The shipwreck of the Alexander Nevsky
- an exciting exhibition in Kystcenter Thyborøn
The most famous shipwreck along this part of the Westcoast is the Russian naval frigate the Alexander Nevsky, which was wrecked on September 25, 1868 on the isthmus between Harboøre and Thyborøn. The Alexander Nevsky was the pride of the fleet, with one of the tsar’s sons, Grand Duke Alexei, and his teacher Admiral Possiet on board. The ship was on its way home after a visit to Piraeus, where it had participated in the festivities for the Greek King George’s wedding to Grand Duchess Olga of Russia
On September 24 the ship was on its way up through the North Sea. The admiral ordered the boilers shut down so that the ship could use its sails, and on the fatal night he conceived the unfortunate idea that the course should be several points further east. By navigating within sight of Hanstholm lighthouse it was possible to shorten the sailing time and come within sight of Skagen by daylight the next day. A wind blew up, and heavy showers passed overhead. It was necessary to reduce the sails, and as the foresail came down, the captain saw a dark stripe on the starboard side. In the same instant, the ship struck the sandbar. To stop it capsizing, it was necessary to cut away the masts and throw some of the cannons overboard.
The ship’s distress shot was heard on land, and people flocked to the beach together with the crews from the lifesaving stations. Fortunately the wind and the sea became calmer, and the frigate’s entire crew of 724 men was rescued. The only ones to drown were two officers and three sailors who were the first to try to reach land in one of the ship’s own lifeboats. A brief divine service was held on the beach. The whole scenery was drawn at the site for Illustreret Tidende (the Illustrated Times), such drawings being the press photography of the time.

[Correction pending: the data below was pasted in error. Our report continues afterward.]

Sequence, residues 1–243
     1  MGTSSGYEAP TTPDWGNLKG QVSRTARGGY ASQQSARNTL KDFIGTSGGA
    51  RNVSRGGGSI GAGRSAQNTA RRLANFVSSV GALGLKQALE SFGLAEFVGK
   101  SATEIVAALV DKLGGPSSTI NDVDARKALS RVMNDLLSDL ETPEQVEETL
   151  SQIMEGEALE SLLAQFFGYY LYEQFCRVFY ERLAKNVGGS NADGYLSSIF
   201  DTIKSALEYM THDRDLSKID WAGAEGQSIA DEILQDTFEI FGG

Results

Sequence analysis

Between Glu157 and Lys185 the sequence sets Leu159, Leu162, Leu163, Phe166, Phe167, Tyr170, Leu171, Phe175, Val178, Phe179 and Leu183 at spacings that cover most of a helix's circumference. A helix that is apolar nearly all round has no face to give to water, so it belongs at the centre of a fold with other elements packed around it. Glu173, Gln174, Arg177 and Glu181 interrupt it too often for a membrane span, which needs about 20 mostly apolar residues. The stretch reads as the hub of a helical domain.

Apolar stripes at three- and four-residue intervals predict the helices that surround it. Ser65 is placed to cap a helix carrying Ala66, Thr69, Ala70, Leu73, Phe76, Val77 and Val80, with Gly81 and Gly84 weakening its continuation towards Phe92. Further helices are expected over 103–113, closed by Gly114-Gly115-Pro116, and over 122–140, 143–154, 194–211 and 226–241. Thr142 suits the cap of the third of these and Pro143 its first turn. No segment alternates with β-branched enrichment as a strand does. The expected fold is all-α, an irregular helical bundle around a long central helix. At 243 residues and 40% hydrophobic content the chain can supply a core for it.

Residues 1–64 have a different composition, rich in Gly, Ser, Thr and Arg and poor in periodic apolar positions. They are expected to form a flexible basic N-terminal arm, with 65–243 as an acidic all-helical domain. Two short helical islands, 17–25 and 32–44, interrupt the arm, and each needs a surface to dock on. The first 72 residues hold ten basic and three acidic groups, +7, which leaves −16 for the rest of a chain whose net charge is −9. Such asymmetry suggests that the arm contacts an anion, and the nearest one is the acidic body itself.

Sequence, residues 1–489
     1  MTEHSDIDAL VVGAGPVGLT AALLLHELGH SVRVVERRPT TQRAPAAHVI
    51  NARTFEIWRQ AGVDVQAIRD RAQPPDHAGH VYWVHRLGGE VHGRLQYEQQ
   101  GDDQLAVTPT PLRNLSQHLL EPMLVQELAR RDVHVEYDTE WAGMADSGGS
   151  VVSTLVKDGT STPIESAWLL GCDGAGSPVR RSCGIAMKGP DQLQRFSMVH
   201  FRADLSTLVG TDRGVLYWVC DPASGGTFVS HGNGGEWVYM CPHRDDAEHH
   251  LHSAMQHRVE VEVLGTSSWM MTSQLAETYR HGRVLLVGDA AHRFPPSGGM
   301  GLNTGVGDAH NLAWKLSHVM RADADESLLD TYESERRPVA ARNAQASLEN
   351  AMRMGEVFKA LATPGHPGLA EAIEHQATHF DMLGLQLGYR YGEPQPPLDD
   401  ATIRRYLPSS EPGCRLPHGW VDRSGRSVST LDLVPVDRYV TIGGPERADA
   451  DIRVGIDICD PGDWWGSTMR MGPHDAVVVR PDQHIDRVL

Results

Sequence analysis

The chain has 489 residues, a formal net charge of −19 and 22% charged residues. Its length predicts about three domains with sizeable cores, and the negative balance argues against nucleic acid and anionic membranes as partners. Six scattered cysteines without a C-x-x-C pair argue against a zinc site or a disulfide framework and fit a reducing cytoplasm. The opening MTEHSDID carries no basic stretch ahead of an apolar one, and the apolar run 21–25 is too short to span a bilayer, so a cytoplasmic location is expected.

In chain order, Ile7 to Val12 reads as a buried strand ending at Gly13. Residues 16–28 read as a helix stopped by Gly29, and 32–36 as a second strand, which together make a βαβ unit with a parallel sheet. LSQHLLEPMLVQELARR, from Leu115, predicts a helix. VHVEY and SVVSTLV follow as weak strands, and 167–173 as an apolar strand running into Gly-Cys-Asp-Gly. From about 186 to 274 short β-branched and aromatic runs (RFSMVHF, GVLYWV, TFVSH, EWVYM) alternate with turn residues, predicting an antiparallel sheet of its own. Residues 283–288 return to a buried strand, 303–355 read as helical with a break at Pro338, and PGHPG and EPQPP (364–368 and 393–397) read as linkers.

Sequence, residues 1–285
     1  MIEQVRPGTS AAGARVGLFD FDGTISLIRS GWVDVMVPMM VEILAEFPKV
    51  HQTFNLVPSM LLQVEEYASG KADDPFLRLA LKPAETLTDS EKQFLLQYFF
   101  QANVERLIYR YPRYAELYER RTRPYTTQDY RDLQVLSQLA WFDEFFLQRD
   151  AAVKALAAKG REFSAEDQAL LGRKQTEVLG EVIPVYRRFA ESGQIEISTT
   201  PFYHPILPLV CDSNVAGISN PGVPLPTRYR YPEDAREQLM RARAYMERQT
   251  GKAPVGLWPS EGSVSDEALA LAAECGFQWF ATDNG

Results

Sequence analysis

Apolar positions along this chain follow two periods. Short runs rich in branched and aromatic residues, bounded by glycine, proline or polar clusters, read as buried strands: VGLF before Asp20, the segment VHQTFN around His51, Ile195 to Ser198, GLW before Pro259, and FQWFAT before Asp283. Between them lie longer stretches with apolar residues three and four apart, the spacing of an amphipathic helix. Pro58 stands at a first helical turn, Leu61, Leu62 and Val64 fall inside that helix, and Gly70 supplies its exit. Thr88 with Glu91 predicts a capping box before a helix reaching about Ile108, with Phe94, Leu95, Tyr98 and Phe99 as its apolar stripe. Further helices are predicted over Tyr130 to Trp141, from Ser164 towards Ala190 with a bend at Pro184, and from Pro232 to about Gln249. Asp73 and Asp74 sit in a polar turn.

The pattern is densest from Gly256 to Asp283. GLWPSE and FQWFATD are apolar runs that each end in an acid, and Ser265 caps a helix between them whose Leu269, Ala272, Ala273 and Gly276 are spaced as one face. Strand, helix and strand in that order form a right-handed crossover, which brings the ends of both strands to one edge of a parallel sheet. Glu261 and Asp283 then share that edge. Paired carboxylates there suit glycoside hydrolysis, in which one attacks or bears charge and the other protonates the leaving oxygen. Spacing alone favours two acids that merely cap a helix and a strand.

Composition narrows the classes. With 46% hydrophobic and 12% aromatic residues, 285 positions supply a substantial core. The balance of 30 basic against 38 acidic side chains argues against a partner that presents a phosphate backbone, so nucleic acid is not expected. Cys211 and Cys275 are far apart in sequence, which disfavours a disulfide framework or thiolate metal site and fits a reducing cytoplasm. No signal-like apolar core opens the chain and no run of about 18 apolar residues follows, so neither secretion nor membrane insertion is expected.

The many Russians were billeted on the farms at Harboøre. They travelled home by train from Struer to Aarhus, and from there on the Danish frigate Jylland to Kronstadt near St. Petersburg. The admiral and the captain were court-martialled for the shipwreck and found guilty of dereliction of duty. But the punishment was waived by the tsar because of their previous services and the zeal which they showed during the wrecking.
In the days after the shipwreck, the ship’s furnishings and fittings were rowed to land in fishing boats and sold at a number of major auctions. The numerous amount of fine furniture and other fittings were thus scattered over a large part of West Jutland.
The Alexander Nevskij exhibition is made in cooperation between Lemvig Museum and the Kystcenter Thyborøn.
Kystcentervej 3, 7680 Thyborøn